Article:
I’m a cyber-breach victim, now what?

Posted by Matt Simon on Oct 1, 2015

It’s the worst nightmare for a growing number of businesses… you discover that that you’re a victim of one of the most expensive, prevalent and malicious attacks in today’s modern economy – a cyber-breach.

Suddenly, without warning and with no time to prepare your response, all of your sensitive business information and customer data is in the hands of hackers.

No company, big or small, is immune to a data breach. Many small employers falsely believe they can elude the attention of a hacker, yet studies have shown the opposite is true.

According to Verizon Communication’s 2013 Data Breach Investigations Report, 31% of the 621 data breaches analyzed were at companies with 100 or fewer employees.

With the growing threat, and massive expenses associated with an attack, Cyber & Data Breach Liability Insurance policies are essential for organizations of any size.  But it’s not just a matter of insurance, your business needs to be prepared now for the inevitable breach with its own internal response policy.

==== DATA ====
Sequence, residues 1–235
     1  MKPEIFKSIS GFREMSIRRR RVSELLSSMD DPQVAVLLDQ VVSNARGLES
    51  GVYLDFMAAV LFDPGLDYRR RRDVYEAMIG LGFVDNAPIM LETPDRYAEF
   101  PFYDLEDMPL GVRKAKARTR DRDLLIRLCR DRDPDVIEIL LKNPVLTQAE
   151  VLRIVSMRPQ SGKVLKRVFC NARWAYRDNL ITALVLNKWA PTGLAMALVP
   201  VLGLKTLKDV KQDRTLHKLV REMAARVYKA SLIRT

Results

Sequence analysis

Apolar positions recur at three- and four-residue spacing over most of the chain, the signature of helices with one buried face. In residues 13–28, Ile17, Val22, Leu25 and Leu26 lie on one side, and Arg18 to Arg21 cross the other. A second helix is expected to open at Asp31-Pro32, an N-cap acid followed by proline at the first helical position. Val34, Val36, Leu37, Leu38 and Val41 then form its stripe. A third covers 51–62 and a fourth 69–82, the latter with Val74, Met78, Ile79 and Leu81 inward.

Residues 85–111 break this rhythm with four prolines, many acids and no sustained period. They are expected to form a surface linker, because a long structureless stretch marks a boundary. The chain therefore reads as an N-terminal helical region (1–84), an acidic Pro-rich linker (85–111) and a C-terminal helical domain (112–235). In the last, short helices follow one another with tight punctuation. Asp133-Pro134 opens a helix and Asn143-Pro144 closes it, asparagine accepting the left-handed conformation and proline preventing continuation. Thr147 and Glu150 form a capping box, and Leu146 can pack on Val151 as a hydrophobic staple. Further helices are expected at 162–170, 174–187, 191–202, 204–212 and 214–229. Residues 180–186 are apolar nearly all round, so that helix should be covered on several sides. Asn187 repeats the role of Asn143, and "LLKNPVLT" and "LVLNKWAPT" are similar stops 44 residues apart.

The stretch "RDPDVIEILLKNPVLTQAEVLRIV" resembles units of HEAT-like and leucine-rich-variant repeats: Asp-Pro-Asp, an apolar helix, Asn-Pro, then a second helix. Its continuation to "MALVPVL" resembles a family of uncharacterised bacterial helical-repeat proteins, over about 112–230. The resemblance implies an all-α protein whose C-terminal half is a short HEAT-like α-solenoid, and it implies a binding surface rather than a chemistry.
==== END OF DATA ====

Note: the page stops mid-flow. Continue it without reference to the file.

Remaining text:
A quality response policy should outline how your company will respond in the event of a data breach, and lay out an action plan that will be used to investigate potential breaches to mitigate damage should a breach occur.

Defining a Data Breach

A data breach is an incident where Personally Identifiable Information (PII) is accessed and/or stolen by an unauthorized individual. Examples of PII include:

  • Social Security numbers
  • Credit card information (credit card numbers - whole or part; credit card expiration dates; cardholder names; cardholder addresses)
  • Tax identification information numbers (Social Security numbers; business identification numbers; employer identification numbers)
  • Biometric records (fingerprints; DNA; or retinal patterns and other measurements of physical characteristics for use in verifying the identity of individuals)
  • Payroll information (paychecks; paystubs)
  • Medical information for any employee or customer (doctor names and claims; insurance claims; prescriptions; any related personal medical information)
  • Other personal information of a customer, employee or contractor (dates of birth; addresses; phone numbers; maiden names; customer numbers)